Stephen's Web

By Stephen Downes
January 7, 2003

Jo Cool or Jo Fool The androgynous name was a good idea for this site, but the all-male imagery wasn't. But aside from this - and some quibbles about the way the site represents some issues - I have to say that overall this is a pretty good tool for teaching net awareness. I really liked the examples - they are characteristic of a wide variety of the sorts of sites, tools and situations you find on the web every day. The writing is loose and informal, and the navigation is reasonably intuitive (a couple of glitches there, but nothing a teen can't figure out). The quiz at the end could do without the questions on stats - the content gave you no information about how to answer those - but is otherwise a great way to reinforce the learning that takes place. And the site comes with a downloadable teacher's guide. Great work. Thanks to the Teacher List for another hit. By Unknown, Media Awareness Network, December 31, 200-31 8:33 p.m. [Refer][Research][Reflect]

Teen Cleared in Landmark DVD Case A Norweigan court has decided unanimously that Jon Johansen, a programmer that developed the DeCSS software used to decrypt DVD codes, is not guilty of DVD piracy charges. Johansen argued that he had written the code to descramble DVDs he purchased legally in order to watch them on a Linux computer, a system for which no decryption software had been written. The prosecution, motivated by the motion picture industry's claims that DeCSS is illegal, will appeal the ruling. By Morten Overbye, CNN, January 7, 2002 [Refer][Research][Reflect]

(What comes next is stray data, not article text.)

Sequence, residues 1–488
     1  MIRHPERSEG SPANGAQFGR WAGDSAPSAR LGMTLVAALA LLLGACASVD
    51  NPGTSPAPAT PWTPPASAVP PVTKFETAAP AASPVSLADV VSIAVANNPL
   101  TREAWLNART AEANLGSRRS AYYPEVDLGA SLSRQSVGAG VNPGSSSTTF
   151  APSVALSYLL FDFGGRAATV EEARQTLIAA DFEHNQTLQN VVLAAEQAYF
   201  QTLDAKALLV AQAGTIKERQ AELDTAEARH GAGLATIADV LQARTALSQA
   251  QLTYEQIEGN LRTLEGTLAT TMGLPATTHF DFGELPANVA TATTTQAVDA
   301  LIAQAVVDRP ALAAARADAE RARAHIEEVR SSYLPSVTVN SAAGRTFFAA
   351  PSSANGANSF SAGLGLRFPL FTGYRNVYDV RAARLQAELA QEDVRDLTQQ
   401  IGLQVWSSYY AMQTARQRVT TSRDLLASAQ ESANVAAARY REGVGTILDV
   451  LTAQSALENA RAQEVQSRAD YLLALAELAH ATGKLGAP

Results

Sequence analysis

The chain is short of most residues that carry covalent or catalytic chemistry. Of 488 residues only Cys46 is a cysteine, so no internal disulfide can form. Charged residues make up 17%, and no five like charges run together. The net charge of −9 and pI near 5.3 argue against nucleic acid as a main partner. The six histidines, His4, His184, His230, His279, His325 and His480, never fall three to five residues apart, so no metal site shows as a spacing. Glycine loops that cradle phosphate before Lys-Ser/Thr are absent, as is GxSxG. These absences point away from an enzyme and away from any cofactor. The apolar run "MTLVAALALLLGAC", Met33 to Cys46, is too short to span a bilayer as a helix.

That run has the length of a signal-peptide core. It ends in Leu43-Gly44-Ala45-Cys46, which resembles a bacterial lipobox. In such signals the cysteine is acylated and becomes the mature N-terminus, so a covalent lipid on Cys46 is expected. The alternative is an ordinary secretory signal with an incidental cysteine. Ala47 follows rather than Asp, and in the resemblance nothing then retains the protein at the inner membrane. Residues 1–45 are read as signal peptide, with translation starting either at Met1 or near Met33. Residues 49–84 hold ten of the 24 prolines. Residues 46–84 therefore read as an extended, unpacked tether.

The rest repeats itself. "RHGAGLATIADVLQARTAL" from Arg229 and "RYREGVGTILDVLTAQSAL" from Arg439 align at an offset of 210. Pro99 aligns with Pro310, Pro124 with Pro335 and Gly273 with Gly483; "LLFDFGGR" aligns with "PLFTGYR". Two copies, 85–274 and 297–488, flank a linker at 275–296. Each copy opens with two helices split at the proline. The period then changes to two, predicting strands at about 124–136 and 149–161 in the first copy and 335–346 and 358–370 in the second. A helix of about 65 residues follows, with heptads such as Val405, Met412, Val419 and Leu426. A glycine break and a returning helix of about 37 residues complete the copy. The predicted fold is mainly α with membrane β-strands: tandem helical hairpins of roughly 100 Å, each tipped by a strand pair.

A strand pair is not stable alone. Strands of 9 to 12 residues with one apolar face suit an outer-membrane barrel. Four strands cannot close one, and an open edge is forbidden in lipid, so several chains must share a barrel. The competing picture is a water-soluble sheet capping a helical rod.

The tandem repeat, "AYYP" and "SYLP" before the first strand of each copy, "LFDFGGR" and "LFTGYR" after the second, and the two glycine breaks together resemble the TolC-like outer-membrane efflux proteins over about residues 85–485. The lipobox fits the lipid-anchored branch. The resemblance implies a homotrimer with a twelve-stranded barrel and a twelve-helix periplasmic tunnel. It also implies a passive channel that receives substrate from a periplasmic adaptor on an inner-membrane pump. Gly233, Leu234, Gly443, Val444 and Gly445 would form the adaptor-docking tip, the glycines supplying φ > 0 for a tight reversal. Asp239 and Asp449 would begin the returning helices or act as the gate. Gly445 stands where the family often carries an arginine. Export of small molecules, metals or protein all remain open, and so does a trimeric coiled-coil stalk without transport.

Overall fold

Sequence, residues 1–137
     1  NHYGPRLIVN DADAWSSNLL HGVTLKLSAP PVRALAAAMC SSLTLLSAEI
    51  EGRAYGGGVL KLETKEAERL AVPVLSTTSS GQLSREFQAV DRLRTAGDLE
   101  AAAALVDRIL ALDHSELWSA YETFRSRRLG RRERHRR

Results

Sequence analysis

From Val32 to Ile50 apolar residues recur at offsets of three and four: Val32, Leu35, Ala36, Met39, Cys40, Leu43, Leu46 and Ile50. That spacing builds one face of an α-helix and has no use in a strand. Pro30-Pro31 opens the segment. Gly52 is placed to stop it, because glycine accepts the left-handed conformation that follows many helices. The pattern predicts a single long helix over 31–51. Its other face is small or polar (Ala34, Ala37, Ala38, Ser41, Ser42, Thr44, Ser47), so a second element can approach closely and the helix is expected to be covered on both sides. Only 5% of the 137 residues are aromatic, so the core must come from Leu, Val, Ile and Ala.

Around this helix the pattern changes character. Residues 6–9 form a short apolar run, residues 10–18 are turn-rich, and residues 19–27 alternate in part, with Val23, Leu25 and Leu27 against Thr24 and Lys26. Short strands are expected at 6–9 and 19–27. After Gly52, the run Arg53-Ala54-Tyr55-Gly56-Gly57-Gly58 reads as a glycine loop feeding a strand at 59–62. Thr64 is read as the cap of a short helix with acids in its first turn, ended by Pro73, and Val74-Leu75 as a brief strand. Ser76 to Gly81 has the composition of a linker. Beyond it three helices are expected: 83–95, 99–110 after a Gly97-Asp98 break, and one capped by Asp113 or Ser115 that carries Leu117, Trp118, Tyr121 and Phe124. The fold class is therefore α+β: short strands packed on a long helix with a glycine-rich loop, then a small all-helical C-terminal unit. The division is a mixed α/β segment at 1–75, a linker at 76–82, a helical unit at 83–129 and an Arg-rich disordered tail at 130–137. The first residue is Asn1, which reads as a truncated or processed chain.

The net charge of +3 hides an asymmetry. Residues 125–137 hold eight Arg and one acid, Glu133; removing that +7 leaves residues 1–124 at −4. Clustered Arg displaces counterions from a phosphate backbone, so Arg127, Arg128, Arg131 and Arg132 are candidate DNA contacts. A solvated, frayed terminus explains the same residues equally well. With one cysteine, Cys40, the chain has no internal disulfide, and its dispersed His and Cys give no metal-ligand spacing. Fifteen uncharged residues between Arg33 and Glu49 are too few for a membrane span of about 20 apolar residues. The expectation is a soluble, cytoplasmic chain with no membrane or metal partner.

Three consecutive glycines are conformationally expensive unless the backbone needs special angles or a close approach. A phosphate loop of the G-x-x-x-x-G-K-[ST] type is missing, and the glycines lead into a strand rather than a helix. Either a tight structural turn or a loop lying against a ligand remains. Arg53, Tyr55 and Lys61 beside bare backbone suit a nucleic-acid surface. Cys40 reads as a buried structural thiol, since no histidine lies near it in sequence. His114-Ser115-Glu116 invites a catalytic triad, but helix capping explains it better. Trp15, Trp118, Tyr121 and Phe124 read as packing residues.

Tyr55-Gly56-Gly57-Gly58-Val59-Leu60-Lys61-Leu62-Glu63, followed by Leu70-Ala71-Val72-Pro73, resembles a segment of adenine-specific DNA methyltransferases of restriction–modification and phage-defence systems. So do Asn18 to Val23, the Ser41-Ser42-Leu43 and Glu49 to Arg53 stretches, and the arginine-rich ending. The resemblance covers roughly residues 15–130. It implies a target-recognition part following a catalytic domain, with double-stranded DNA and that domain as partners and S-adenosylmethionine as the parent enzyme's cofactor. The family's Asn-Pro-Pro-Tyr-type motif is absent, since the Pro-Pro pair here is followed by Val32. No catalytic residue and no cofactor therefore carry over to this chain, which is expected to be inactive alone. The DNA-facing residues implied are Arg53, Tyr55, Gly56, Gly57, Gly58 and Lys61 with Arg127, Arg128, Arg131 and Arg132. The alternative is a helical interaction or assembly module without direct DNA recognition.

Online Privacy Is Dead - What Now? You know, it's interesting how the very same people who go on and on about protecting content producers' rights blithely accept that consumer rights are dead in the water. Even if these rights are protected by legislation (and it's not clear that they are), expectations of individual privacy and security are pointless on the internet. The minute you conduct a transaction - or even post your email on a web site - you will get spammed and worse by what this article calls "people with less-than-noble intentions." And it's all very well for the author of this article to advise caution - "become more selective about providing information" - but let's not fool ourselves here. A very double standard is being applied. That's why wise pundits know that the very same company that wants to put tracking and enforcement mechanisms into online content to protect copyright wants to use exactly the same data to create individual profiles and launch personalized marketing campaigns. Or worse. By Keith Regan, E-Commerce Times, January 2, 2003 [Refer][Research][Reflect]